SCIENTIFIC NAME: Accipiter Cooperii
Adults have red eyes, a dark blackish crown that is noticeably set off from a lighter nape, blue-gray upperparts and white underparts with fine, thin, reddish bars.
Their tail is blue-gray on top and pale underneath, barred with black bands. They exhibit a long barred tail and rather short, rounded wings in flight.
Juveniles have yellow eyes and have a brown cap, with brown upper parts and pale underparts with thin black streaks mostly ending at the belly.
Their tail is brown on top and pale underneath, barred with dark bands.
BILL: small, hooked bill.
SIZE: medium-sized hawks, males measure between 14 - 18 inches in length (smaller than female), and females are about 17 - 20 inches in length.
WEIGHT: males weight ranges from 220 to 440 grams and females weigh about 330 - 700 grams.
COLOR: red, black, blue-gray, white, brown and yellow.
Birds, small mammals, reptiles and amphibians.
Primary Diet: carnivore (eats terrestrial vertebrates).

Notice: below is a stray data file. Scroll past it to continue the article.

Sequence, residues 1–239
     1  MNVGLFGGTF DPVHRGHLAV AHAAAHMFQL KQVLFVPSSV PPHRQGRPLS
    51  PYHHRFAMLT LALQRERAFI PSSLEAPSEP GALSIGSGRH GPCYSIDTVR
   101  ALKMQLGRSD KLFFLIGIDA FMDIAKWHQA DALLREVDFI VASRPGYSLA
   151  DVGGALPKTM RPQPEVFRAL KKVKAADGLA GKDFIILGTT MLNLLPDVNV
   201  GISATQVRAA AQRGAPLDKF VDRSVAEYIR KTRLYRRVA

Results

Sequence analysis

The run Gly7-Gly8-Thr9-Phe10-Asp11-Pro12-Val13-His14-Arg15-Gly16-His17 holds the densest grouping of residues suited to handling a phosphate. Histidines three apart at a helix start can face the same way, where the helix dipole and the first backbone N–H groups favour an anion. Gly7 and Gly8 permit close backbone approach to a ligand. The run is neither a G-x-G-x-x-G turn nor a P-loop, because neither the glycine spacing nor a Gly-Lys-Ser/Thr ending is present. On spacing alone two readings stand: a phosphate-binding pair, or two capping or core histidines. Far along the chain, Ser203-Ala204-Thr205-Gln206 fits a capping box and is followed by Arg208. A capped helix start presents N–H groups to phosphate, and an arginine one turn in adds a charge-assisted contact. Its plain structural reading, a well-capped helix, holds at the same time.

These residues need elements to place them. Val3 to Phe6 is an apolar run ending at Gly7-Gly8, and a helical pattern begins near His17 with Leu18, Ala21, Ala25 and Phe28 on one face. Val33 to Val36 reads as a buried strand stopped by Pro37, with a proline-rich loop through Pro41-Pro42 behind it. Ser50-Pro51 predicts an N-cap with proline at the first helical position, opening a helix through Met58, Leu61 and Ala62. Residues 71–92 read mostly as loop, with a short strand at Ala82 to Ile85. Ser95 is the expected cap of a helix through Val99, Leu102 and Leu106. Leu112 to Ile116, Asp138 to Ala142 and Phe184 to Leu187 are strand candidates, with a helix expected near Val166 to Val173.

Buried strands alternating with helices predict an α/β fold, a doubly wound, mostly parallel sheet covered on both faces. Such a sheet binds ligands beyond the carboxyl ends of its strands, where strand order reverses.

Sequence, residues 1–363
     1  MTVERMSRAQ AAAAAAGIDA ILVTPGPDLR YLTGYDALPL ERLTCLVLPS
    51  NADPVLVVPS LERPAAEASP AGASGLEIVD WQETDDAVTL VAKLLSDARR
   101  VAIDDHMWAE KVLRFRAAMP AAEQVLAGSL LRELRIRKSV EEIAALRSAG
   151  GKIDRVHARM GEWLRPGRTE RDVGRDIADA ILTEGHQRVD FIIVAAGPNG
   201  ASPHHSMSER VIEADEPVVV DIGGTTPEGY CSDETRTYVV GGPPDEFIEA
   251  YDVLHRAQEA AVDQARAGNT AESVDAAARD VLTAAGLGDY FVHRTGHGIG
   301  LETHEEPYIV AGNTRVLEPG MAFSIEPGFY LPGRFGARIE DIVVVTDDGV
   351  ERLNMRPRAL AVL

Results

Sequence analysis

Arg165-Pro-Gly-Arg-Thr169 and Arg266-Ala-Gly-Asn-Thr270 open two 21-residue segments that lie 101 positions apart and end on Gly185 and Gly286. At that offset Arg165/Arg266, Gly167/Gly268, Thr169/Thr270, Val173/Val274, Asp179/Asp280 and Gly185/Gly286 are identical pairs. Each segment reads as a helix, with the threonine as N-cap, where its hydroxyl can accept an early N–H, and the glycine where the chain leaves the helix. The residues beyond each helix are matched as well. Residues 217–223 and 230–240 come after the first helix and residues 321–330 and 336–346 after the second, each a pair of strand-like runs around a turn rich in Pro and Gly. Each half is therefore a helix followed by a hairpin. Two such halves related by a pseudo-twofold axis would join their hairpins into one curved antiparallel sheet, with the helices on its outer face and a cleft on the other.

Animal Foods: birds, mammals, amphibians, reptiles.
Wooded habitats from deep forests to leafy subdivisions and backyards.
Southern Canada to Northern Mexico.
Their most common call is a loud grating "cak-cak-cak", 2-5 seconds long, given by both sexes in defense of the nest, and during courtship.
Males frequently make a "kik" call to tell their mates where they are; females make this call too, but less often.
Females make a "whaa" call when approaching or receiving food from males.
NEST: The male builds a cup-shaped nest made of sticks and twigs and lined with bark, conifer needles and down.
EGGS: 3 - 6 bluish to greenish-white eggs.
INCUBATION: 30 - 36 days, female fed by the male.
NESTLING PHASE: 27 - 34 days.
They are diurnal and spend much of their time perched and waiting to ambush passing birds. They migrate yearly between their summer breeding grounds and their southern winter range. They are mainly solitary species that come together only to breed.
The oldest recorded Cooper's Hawk was a male and at least 20 years, 4 months old.